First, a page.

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Updated: Jun 22 2021

Glomus Tumor

Images tumor clinical photo.jpg erosion into distal phalanx.jpg mri.jpg histology.jpg tumor high power.jpg
  • summary
    • Glomus Tumors are rare benign tumors of the glomus body, often occurring in the subungual region.
    • The condition is typically seen in patients between the ages of 20 and 40 who present with a painful subungal mass with bluish discoloration. 
    • Diagnosis is made with a biopsy showing a well-defined lesion lacking cellular atypia or mitotic activity with the presence of small round cells with dark nuclei.
    • Treatment is usually marginal excision.
  • Epidemiology
    • Demographics
      • occurs in patients 20 to 40 years of age
    • Anatomic ocation
      • 75% occur in hand
      • 50% are subungual
      • 50% have erosions of distal phalanx (primary involvement of bone being very rare)
      • less common locations: palm, wrist, forearm, foot
  • Etiology
    • Forms
      • may involve either the soft tissue and/or bone
    • Frequently associated with a delay in diagnosis
  • Anatomy
    • Glomus body
      • the glomus body is a perivascular temperature regulating structure frequently located at the tip of a digit or beneath the nail
  • Presentation
    • Symptoms (classic triad)
      • paroxysmal pain
      • exquisite tenderness to touch
      • cold intolerance
    • Physical exam
      • small bluish nodule
      • often difficult to see, especially in the subungual location
      • nail ridging or discoloration is common
      • Love test
        • pressure to the area with a pinhead elicits exquisite pain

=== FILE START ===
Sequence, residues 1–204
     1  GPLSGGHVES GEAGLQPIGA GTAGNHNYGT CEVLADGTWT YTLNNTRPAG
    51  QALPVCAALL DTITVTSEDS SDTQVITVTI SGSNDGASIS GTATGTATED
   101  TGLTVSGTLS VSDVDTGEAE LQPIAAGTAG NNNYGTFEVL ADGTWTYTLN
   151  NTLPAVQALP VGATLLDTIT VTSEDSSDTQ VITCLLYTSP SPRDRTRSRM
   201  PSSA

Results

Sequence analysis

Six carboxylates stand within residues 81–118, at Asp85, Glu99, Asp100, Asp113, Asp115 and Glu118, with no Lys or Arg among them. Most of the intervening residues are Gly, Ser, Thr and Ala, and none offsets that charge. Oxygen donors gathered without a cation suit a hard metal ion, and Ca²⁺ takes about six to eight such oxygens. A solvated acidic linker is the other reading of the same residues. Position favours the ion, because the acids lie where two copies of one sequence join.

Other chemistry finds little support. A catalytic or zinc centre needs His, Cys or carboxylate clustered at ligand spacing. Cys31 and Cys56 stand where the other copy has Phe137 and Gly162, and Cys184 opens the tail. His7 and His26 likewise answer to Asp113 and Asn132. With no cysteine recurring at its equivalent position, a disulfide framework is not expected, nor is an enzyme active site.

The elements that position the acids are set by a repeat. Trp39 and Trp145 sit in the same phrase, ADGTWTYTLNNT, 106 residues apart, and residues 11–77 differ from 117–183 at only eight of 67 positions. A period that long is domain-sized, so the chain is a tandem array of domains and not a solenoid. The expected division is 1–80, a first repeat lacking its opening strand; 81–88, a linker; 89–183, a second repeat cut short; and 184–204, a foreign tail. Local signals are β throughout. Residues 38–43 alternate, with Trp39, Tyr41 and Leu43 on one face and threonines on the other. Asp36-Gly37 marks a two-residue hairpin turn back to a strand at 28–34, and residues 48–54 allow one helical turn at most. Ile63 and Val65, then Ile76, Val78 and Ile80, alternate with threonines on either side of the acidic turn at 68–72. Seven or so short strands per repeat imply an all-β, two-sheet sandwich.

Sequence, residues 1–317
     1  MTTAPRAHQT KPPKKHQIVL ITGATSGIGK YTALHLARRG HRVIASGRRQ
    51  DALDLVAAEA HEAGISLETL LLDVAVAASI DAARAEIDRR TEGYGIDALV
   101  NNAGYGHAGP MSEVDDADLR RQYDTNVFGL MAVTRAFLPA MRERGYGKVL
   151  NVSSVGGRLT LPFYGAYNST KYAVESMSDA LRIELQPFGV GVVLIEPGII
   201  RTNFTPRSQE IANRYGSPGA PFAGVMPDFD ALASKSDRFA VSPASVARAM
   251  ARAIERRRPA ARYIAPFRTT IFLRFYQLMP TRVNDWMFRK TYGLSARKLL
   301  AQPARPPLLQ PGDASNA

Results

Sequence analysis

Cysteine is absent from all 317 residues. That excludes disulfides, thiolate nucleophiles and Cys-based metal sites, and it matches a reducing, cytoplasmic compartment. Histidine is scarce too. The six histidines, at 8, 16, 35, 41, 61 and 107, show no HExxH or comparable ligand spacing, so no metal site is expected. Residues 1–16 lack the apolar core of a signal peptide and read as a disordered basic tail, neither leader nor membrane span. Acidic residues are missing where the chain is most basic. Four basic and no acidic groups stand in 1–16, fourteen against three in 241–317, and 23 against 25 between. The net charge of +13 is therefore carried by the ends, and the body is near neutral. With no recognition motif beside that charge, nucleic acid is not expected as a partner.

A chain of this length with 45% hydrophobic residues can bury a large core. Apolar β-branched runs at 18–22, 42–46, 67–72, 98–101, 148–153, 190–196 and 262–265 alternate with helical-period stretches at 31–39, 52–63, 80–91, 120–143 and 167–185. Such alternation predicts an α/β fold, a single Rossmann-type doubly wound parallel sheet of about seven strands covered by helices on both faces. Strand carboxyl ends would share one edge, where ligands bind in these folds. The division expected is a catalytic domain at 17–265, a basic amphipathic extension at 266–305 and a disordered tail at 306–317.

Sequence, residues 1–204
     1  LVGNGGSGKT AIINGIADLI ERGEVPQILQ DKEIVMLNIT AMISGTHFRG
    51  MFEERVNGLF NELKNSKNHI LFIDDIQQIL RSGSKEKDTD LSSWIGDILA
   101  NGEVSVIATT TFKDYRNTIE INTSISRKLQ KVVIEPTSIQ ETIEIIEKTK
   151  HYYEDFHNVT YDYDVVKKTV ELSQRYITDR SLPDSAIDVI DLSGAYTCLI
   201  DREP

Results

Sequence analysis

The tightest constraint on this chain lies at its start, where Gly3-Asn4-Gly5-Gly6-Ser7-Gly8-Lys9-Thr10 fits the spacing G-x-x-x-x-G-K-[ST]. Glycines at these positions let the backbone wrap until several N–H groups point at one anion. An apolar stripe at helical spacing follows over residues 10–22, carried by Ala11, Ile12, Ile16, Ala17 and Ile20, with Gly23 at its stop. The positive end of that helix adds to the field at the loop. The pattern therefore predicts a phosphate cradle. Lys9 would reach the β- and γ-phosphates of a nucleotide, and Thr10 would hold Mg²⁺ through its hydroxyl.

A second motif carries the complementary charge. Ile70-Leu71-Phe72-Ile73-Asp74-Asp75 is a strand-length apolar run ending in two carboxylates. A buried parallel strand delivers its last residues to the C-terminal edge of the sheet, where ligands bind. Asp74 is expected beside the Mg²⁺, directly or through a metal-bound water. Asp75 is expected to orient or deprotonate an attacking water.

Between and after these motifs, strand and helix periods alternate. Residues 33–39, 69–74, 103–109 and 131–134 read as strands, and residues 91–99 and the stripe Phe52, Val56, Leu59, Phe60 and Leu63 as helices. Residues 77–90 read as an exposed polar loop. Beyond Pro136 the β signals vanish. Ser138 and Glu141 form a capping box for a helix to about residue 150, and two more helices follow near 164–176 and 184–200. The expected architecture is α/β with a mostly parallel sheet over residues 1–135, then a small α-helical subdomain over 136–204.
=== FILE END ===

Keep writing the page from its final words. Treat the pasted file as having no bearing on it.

• 100% sensitive, 78% accurate
      • Hildreth test
        • tourniquet inflation reduces pain/tenderness and abolishes tenderness to the Love test
        • 92% sensitive, 91% specific
  • Imaging
    • Radiographs
      • glomus tumors can produce a pressure erosion of the underlying bone and an associated deformity of the bone cortex
    • MRI
      • helpful to establish diagnosis
      • present as a low T1 signal and high T2 signal
  • Studies
    • Histology
      • well-defined lesion lacking cellular atypia or mitotic activity
        • small round cells with dark nuclei
        • associated small vessels in a hyaline/myxoid stroma
      • can show gland-like or nest structures, separated by stromal elements
  • Treatment
    • Operative
      • marginal excision is curative
        • indications
          • symptoms affecting quality of life
        • outcomes
          • due to the benign nature of this disease, recurrence is uncommon
          • several cases of malignant glomus tumors have been reported in the literature
      • reconstruction of nail bed contour with autologous fat graft
        • indications
          • for large defects after resection
  • Complications
    • Recurrence
      • 20%
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